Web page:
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Kidney failure hits close to home with volunteer - KOAM TV 7

Kidney failure hits close to home with volunteer

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JOPLIN, MISSOURI -

In 1982, Adam Hess of Carthage was the youngest patient to ever receive a kidney transplant in the United States. He was six months old.

"My kidneys failed at two months old. At two months, I wasn't at the weight to have a transplant. So they wanted me to get up to nine pounds. At six months old, I got up to nine pounds and there was a 50/50 chance of it even working, and they said let's give it a try," Hess said.

Doctors removed both of Hess' kidneys and inserted a kidney from his mother. It has been 33 years since the transplant and Hess is dealing with kidney failure again. This time, he will receive a kidney from his father.

Kidney failure makes patients feel tired, on top of reporting three days a week for dialysis, the cleaning of the blood. Since Hess has not been able to work, he spends his days volunteering in the dialysis services department at Freeman.

"I think it gives inspiration to see where I'm at, the things I can do, and just to show them that once they get that kidney, they too can live a normal life," Hess said.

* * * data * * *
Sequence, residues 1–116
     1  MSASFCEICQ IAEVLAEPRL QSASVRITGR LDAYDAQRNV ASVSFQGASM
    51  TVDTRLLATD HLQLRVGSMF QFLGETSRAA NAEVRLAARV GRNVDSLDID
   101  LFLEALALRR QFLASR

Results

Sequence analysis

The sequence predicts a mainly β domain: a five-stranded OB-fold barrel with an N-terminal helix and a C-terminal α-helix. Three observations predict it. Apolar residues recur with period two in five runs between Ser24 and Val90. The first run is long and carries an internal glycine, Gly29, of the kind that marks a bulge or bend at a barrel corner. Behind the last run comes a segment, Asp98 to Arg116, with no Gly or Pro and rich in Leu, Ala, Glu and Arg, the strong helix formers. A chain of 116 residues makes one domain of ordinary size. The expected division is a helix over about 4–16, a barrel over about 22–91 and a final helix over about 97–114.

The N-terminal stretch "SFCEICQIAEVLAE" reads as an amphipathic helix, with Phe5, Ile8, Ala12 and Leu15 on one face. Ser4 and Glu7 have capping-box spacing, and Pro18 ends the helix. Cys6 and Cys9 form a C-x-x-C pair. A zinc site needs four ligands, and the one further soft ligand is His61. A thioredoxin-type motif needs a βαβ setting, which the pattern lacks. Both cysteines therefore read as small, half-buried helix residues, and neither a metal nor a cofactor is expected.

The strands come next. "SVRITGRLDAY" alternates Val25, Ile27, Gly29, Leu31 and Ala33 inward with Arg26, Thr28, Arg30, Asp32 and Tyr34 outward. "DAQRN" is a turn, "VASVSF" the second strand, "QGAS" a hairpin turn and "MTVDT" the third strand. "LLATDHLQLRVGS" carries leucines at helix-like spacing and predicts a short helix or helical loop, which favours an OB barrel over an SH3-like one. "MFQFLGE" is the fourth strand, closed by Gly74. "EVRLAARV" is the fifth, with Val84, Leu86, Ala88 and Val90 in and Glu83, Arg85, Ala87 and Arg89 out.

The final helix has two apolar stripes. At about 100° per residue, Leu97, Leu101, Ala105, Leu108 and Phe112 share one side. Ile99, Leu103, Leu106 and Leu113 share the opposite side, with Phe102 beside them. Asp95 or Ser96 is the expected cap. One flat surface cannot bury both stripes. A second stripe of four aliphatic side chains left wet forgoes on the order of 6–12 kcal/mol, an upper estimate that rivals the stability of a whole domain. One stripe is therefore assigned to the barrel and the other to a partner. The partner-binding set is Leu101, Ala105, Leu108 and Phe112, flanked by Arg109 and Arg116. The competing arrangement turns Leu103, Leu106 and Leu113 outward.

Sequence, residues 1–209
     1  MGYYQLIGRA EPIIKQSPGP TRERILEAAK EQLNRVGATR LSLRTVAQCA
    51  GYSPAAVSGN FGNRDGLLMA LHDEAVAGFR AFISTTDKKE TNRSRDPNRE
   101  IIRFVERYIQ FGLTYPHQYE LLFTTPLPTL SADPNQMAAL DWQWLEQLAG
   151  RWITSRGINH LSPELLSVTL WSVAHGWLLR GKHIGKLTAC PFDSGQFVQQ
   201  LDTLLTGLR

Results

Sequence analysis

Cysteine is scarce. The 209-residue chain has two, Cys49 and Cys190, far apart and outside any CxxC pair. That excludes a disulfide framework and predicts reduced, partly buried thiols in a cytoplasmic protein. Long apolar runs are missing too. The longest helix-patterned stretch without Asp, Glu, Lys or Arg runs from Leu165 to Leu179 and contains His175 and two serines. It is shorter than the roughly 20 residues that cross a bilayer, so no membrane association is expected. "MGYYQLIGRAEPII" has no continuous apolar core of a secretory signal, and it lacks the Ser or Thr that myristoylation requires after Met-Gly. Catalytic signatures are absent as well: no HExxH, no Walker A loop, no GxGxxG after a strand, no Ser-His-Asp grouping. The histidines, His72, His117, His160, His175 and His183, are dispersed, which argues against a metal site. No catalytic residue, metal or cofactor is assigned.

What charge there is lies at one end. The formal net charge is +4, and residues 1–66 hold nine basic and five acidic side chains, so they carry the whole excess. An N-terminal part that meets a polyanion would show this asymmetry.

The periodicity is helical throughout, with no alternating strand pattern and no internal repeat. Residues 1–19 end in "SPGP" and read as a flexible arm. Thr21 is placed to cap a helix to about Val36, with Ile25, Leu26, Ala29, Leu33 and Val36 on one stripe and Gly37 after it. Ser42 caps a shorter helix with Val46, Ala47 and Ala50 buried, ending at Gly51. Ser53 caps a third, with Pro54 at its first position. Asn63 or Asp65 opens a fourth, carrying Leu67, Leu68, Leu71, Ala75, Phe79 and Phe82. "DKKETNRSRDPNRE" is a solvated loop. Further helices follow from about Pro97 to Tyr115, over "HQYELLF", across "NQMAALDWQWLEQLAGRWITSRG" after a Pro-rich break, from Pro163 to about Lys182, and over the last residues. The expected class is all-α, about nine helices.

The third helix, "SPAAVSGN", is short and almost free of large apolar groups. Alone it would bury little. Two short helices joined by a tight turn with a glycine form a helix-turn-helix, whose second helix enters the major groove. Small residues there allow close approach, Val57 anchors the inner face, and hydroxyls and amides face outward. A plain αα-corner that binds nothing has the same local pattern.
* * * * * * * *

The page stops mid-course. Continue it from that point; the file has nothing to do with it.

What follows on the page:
An estimated 26 million people deal with kidney failure according to the director for dialysis services.

"A lot of people progress to kidney failure, there are about half a million people requiring dialysis. And the only way to fight this disease is to create awareness, so we do not reach that end result of dialysis," Dr. Abdul Nagaria said.

Nagaria says eating a healthy diet and getting screened as needed is the key to prevention.

March is National Kidney Month. Hess and other volunteers have spent time making the second annual "March O' the Kidney" at Northpark Mall possible. The event takes place Saturday at 10 a.m. All ages are welcome.

"The march helps to bring people together, create awareness, and also raise funds for all the patients that are going through this disease. Especially the dialysis patients at Freeman Hospital, all the funds are used for those patients," Dr. Nagaria said.

Kidney disease is an expensive ailment with all the travel, so the walk will help benefit local patients financially. Raffle items will be available.

There will be a $10 cost to attend the walk.
 


 

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